I wish I were a perfect husband: always kind, thoughtful, understanding, and loving. Unfortunately, I am not. I am sometimes selfish, thoughtless, and cold. In short, I fail to live up to the biblical ideal for a Christian husband. Does this mean that my marriage is destined for failure? Not if I am willing to admit my failures and my wife is willing to forgive. God is our model. The scriptures say that God is always willing to forgive if we are willing to confess and repent. Confession is an admission that we are wrong. Repentance is the desire to turn from our sinful behavior. Forgiveness opens the door to reconciliation. It is essential if we are to have a growing marriage.
August 20, 2013
Why is sexual intimacy so illusive for many couples? I believe it is because we have separated it from intellectual, emotional, social, and spiritual intimacy. Intimacy is that sense of closeness that comes when we share life deeply with each other. But it cannot be limited to the sharing of our bodies. When we are critical, demanding, and verbally abusive, and then try to have sex we will not experience intimacy.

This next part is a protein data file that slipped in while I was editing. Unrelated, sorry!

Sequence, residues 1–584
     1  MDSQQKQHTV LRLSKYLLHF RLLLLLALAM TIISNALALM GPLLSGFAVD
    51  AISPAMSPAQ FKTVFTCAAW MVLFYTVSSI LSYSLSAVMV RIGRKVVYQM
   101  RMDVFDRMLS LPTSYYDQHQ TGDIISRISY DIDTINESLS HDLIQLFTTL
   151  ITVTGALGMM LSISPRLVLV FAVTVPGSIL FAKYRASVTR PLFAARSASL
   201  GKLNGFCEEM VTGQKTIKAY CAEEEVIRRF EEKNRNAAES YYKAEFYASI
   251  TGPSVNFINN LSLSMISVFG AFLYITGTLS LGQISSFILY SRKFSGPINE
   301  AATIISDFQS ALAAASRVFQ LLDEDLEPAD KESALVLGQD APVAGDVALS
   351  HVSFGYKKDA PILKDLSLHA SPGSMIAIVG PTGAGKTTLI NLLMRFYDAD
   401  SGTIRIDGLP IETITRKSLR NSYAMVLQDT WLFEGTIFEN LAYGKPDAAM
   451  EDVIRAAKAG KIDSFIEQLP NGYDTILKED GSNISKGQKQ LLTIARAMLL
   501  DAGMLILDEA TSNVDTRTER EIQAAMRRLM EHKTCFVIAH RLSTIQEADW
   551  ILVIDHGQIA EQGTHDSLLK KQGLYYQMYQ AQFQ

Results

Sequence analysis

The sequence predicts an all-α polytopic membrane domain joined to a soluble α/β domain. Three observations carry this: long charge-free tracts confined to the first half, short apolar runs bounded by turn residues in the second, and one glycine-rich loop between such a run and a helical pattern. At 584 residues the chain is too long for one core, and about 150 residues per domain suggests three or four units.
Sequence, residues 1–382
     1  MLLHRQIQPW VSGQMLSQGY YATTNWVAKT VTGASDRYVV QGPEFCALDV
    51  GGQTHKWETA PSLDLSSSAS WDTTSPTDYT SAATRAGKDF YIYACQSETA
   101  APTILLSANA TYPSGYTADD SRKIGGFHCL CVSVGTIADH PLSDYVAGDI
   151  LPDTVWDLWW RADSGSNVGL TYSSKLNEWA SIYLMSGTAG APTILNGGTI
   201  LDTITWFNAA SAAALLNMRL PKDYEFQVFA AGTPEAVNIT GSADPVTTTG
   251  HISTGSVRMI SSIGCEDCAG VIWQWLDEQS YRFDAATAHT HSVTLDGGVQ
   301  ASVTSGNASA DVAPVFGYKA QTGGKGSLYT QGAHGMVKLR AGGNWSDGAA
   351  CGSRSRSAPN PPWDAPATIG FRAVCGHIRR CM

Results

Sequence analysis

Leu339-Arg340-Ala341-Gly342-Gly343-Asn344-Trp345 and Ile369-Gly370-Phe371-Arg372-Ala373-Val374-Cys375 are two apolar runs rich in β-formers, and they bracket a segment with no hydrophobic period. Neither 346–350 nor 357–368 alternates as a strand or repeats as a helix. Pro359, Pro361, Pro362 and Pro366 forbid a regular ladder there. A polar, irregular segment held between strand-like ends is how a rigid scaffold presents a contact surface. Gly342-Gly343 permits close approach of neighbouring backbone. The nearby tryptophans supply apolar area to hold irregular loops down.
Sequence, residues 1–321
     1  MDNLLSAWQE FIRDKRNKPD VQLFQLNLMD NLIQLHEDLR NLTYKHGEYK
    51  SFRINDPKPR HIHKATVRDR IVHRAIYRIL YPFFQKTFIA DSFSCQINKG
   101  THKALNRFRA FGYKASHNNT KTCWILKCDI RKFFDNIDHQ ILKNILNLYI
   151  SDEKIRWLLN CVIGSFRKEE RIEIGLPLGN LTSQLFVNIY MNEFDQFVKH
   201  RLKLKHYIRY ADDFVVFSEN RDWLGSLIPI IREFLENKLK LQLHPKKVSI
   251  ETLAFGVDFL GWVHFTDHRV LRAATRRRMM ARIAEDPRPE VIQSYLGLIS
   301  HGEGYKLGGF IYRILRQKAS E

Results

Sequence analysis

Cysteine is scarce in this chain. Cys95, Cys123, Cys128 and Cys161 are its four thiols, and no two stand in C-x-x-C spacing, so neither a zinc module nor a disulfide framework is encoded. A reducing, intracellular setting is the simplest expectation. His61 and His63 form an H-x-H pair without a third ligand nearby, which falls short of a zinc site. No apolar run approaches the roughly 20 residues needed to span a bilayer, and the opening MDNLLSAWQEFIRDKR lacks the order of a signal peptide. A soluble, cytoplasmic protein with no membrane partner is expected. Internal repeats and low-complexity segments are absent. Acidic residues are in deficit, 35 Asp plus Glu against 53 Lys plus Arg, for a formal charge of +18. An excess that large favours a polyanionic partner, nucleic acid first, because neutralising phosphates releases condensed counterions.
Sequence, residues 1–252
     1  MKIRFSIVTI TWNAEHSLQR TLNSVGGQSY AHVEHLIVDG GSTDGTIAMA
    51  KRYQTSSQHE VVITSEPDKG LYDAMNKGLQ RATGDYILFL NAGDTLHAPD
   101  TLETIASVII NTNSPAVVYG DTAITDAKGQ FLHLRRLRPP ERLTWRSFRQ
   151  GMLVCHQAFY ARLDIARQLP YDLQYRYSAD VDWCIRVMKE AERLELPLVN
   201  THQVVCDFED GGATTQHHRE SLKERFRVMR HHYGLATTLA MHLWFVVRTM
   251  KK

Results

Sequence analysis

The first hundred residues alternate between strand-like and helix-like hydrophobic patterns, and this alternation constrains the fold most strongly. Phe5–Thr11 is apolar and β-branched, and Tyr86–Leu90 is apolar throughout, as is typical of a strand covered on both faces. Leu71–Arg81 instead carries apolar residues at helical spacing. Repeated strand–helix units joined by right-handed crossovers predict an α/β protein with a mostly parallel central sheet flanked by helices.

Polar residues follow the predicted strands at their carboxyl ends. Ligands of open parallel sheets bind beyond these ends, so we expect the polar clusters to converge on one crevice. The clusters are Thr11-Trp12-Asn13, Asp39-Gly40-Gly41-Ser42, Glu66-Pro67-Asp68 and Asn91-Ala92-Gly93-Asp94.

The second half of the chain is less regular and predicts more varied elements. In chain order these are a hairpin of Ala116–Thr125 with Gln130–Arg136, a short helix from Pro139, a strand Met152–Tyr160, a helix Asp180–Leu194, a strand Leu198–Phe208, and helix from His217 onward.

Sexual intimacy flows naturally from a loving marital relationship. If you want greater sexual intimacy then focus on building closeness in the other areas of life. Spend time together, give affirming words, pray together, apologize for your failures. This is the road to sexual intimacy.
August 16, 2013
Q: “My husband is from a very traditional church background and I enjoy the more modern, contemporary style. Are there ways we could come together on this?”
Gary Chapman: If you have a room full of people, it’s likely that there will be a great diversity in their preferences for food. Some will prefer Mexican, while others might prefer a good burger. It doesn’t mean that any type of food is actually better than the other, but rather our preferences simply differ. This is common in many areas of life—including the way we prefer to worship. Therefore, it is helpful to give each other the freedom to have their own preferences. What you don’t want to do is let your preferences be divisive in the relationship. Most larger churches will host both a contemporary worship service as well as a more conservative one. One solution might be to agree to go back and forth between the two services every other week. Other solutions are waiting to be discovered, you simply need an open heart and honest communication to find an agreeable solution when preferences collide.
August 15, 2013